AFP: An Indian court yesterday convicted the former chief of outsourcing giant Satyam and his aides over a $2.25 billion accounting fraud scandal dubbed “India’s Enron”, the prosecutor said.
Byrraju Ramalinga Raju, his brother and eight others were found guilty of manipulating Satyam’s books in 2009 during the IT boom in India in a case that shook the industry and raised questions about the country’s regulators.
“All the accused have been convicted of almost all charges,” prosecutor K. Surender told reporters outside the court in Hyderabad, capital of southern Andhra Pradesh state.
Raju was charged with criminal conspiracy, cheating and breaching public trust in a fraud that prosecutors told the court caused 140 billion rupees ($2.25 billion) in losses to shareholders.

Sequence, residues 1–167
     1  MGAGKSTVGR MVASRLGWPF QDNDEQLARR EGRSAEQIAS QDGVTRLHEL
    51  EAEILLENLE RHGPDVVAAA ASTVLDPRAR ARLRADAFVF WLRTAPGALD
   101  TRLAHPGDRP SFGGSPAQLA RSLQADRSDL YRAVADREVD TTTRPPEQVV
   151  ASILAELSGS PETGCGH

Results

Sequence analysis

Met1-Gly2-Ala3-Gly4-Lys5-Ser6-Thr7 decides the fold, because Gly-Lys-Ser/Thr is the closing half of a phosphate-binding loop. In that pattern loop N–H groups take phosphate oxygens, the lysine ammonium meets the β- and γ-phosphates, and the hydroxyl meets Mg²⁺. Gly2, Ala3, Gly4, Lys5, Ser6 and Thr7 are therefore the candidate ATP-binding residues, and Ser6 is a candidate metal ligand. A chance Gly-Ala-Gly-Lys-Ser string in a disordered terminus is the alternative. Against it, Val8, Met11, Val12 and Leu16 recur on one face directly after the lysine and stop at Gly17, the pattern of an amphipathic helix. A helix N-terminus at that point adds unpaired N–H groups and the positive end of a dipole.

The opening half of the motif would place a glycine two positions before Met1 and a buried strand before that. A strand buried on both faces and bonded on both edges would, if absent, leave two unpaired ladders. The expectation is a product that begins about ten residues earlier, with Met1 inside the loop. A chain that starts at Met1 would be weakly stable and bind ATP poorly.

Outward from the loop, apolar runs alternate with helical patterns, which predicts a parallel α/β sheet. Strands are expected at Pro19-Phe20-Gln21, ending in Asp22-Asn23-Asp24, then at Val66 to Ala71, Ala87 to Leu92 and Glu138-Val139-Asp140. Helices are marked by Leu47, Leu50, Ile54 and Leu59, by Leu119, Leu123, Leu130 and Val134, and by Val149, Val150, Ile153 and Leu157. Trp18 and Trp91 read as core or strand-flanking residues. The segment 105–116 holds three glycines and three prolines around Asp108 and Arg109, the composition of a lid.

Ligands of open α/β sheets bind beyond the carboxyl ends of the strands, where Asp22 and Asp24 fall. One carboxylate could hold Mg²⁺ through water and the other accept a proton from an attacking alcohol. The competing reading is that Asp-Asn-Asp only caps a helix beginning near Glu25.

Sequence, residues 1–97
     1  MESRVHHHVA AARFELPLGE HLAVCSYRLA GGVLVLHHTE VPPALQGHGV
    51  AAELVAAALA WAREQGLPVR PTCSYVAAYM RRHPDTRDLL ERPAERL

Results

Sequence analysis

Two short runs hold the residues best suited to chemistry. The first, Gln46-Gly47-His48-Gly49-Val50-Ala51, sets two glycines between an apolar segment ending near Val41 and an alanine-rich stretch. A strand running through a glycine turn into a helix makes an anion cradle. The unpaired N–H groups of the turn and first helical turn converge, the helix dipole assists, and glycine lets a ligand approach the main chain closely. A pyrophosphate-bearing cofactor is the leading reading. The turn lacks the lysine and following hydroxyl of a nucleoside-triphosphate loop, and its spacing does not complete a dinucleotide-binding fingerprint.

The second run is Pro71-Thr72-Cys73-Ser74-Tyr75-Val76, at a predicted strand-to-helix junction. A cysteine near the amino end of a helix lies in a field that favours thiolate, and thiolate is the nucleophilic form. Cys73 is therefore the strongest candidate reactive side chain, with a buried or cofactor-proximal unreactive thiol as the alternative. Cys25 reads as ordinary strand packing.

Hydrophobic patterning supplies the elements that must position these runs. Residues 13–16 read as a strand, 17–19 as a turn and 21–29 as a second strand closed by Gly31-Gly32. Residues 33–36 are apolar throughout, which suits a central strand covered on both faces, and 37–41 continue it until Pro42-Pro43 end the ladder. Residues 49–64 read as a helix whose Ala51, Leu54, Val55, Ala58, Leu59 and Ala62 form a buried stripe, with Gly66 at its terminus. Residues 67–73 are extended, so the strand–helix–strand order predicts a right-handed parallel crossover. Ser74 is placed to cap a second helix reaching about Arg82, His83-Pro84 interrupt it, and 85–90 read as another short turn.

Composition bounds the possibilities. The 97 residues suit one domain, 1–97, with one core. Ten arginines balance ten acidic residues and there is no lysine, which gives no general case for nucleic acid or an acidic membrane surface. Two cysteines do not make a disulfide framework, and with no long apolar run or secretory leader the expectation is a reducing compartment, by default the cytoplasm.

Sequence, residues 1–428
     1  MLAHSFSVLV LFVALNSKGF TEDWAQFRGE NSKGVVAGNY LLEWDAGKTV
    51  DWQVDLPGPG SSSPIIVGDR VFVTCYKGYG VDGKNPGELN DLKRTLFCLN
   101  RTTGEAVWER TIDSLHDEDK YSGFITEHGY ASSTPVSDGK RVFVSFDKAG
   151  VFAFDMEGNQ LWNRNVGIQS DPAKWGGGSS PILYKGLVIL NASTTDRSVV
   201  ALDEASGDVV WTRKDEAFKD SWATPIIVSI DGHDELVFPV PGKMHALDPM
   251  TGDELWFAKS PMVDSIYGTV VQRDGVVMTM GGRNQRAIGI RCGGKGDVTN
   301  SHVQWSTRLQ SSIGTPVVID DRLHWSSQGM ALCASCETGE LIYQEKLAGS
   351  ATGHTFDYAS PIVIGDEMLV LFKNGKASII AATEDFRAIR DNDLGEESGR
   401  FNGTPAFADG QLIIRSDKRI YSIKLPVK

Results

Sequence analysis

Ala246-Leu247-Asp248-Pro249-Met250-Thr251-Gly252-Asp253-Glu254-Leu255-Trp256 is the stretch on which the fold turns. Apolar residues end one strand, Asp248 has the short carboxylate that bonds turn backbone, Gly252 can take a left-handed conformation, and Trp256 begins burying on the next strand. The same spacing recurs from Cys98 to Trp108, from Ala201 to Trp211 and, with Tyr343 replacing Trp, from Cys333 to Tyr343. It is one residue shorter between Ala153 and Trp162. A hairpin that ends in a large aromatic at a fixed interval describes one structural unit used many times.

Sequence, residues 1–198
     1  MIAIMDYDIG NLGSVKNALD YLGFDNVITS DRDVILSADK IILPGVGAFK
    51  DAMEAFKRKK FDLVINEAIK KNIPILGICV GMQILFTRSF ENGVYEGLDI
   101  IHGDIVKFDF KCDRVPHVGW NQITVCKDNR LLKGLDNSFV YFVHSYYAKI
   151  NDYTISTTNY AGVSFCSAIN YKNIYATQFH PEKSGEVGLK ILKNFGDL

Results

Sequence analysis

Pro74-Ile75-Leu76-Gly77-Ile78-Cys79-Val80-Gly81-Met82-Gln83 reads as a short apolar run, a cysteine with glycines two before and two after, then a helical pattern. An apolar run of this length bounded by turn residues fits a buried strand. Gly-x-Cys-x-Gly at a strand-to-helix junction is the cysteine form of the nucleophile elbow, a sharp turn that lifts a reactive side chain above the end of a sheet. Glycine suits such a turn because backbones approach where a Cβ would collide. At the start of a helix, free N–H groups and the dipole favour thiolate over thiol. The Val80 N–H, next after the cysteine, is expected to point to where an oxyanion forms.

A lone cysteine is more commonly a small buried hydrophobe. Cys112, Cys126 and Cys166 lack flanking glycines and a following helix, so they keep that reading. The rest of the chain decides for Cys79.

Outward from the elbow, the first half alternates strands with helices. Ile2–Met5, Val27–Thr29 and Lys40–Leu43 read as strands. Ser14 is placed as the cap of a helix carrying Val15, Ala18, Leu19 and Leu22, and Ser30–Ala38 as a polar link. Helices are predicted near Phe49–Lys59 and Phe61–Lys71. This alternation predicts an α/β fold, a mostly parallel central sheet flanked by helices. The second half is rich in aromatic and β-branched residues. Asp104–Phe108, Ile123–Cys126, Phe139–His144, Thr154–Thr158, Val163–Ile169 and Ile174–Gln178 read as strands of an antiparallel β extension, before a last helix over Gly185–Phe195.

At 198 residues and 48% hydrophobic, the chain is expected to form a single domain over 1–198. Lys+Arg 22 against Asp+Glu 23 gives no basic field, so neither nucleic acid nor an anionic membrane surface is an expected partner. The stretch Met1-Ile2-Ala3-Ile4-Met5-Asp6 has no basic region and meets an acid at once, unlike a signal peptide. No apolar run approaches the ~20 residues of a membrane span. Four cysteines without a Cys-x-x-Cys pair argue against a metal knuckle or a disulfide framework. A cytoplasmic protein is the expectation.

He faces prison for breach of trust following the years-long case and a trial in which prosecutors produced thousands of pages of financial documents and 200 witnesses.
The Satyam scandal erupted in 2009 after Raju admitted in a letter to shareholders to overstating profits for years and inflating the company’s balance sheet, a confession that saw the company’s share price plummet.
Tech Mahindra, a unit of Indian vehicle and farm equipment manufacturer Mahindra and Mahindra, bought Hyderabad-based Satyam in April 2009, saving it from collapse.
Raju, who was educated in India and the United States, was one of the stars of India’s software boom - a key driver of the country’s economic growth over the previous decade.
“The concern was that poor performance would result in a takeover,” he said in his letter to shareholders.
“It was like riding a tiger, not knowing how to get off without being eaten.”